Some tiny creature, mad with wrath,

Is coming nearer on the path.

--Edward Gorey

Location: Pittsburgh, Pennsylvania, U.S. Outlying Islands

Writer, lawyer, cyclist, rock climber, wanderer of dark residential streets, friend.

Sunday, August 14, 2005

Heat Without Light

Years ago, I wrote a personal mini-essay of slightly fewer than 250 words as directed -- which I post in its fairly brief entirety -- as an arrogant shot in the dark endeavor to swing the Yale Law School admissions officials to overlook the factors stacked against me (bottom edge of the Yale range LSAT score; a royal buggering by the LSDAS in collapsing my two-year engineering GPA (abysmal) into my five-semester liberal arts GPA (sterling) into a single, unrepresentative number), with the obligatory shameless allusion to my grandfather's Yale legacy. I wasn't too proud to beg; I'm still not. I also had no illusions about my chances.

I am freezing. That is not a metaphor -- an exaggeration, perhaps. But I am very cold. The landlord of this over-priced, trendy Pittsburgh apartment building had a genius-stroke: to use a thermostat that triggers in response to outside temperature. It seemed like a workable idea when I signed the lease in June. Which was sort of like grocery shopping while hungry. Well, maybe it was more like not grocery shopping simply because one is not hungry.

I have given up my attempt to understand why the only time my steam heaters have been truly warm this winter was on a rainy day during which the temperature never dropped below 45 degrees. It is too cold to think. It is also too cold to entertain. It would be embarrassing, and when I am this cold I am not very entertaining.

This morning I lay buried in bed in dim morning light watching my ephemeral, slightly vaporous exhalations. I was trying to decide whether this constituted an ‘emergency’ worthy of my landlord’s designates; whether I could afford to await his return from vacation three days hence. Mostly, I kept thinking about how miserable I would be to leave bed. Mom would be worried about me catching my death. My fire detector beeped once piercingly, portentously, ironically.

It is almost too cold to type. It is so cold that I actually think this is an appropriate and topical essay to submit to the Preeminent Law School in the Known Universe. My late Grandfather (‘33) is turning over in his grave. He may be the only [Moon's surname] colder than me, God rest his soul. But even he is probably not as stultified as I am by the vagaries of a Parsimonious Landlord.**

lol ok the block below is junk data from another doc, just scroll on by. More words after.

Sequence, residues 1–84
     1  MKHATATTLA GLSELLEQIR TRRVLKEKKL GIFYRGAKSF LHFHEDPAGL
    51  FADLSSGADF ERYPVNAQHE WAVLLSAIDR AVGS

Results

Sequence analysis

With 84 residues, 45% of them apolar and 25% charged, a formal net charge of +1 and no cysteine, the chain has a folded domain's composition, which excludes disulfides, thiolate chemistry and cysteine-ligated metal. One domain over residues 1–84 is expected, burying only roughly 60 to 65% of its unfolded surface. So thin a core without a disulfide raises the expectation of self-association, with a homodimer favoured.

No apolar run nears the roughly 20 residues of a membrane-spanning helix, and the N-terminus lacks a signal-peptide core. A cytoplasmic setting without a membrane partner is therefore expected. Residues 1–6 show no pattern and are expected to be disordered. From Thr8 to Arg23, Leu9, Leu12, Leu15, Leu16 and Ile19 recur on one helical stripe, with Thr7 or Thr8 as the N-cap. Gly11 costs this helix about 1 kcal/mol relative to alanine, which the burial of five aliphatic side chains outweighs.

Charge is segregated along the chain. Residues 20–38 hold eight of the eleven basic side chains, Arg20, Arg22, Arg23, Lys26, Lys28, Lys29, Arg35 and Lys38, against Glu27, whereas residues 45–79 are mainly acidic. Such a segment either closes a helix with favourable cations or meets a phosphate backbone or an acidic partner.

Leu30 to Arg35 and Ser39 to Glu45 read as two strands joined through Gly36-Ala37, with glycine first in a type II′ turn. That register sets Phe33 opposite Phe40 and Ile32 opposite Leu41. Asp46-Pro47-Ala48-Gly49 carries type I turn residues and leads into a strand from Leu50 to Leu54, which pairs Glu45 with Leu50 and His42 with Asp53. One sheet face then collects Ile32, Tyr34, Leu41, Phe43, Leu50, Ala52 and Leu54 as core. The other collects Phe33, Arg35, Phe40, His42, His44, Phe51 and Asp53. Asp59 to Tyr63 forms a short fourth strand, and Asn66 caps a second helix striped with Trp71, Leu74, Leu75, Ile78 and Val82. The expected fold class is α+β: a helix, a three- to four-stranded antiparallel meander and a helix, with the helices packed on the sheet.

I think of this only because I am sitting here, sweating freely, in a sort of torpid hell borne of utter environmental discomfort. This is nothing new. It's been like this for most of the summmer. Today wasn't even an extraordinarily hot day by 2005 standards. It is what it is.

But I simply cannot sit about reading, loll about really, loll about flipping between women's beach volleyball and whatever other terrible TV I can find, with a house hanging over my head like something from an Escher lithograph, closing only one week away, the move only thirteen days away, and not a thing boxed, insufficient boxes in my possession as yet, hundreds of pounds of things to throw away lest I give friends hernias for things I didn't need, lest I get off on the wrong foot by allowing my incipient packrat to play with the embarrassment of storage space he'll enjoy in the new digs. I have it in me to become one of those old bachelors with twelve cats living in the narrow corridors between stacks of newspaper. I will not give in to it. I must not. I like getting laid way too much to develop habits that repel women like kryptonite. Or rather, more such habits than already own me.

And it is a sort of ownership relationship, our habits and us. That is, in fact, my working definition of habit: a pattern of behavior or thought that exercises functional autonomy within its subject-host('s) environment.

But it's just. Too. Hot.

To do anything.


Long weeks ahead. Hard decisions. Painful signatures. Boxes and wrappings and painful good-byes. Things forgotten. Things remembered. Stair cases. Ornery cats. Hidden dust-kitties ascendant.

There are two things one should avoid in August: third-trimester pregnancy (so I'm told) and house buying.

** Don't think I don't recognize that the last sentence -- "vagaries of a Parsimonious Landlord"!? -- is a howler. Or that there's a -- unf*&kingbelievable -- grammatical error in the next to last sentence ("colder than me"?) But I keep it real, folks, and I bring it now like I brung it then. Admit it: you're all shocked and appalled I didn't get in. {Shakes head.} Anyway, then there would have been no MoonOverPittsburgh at all.


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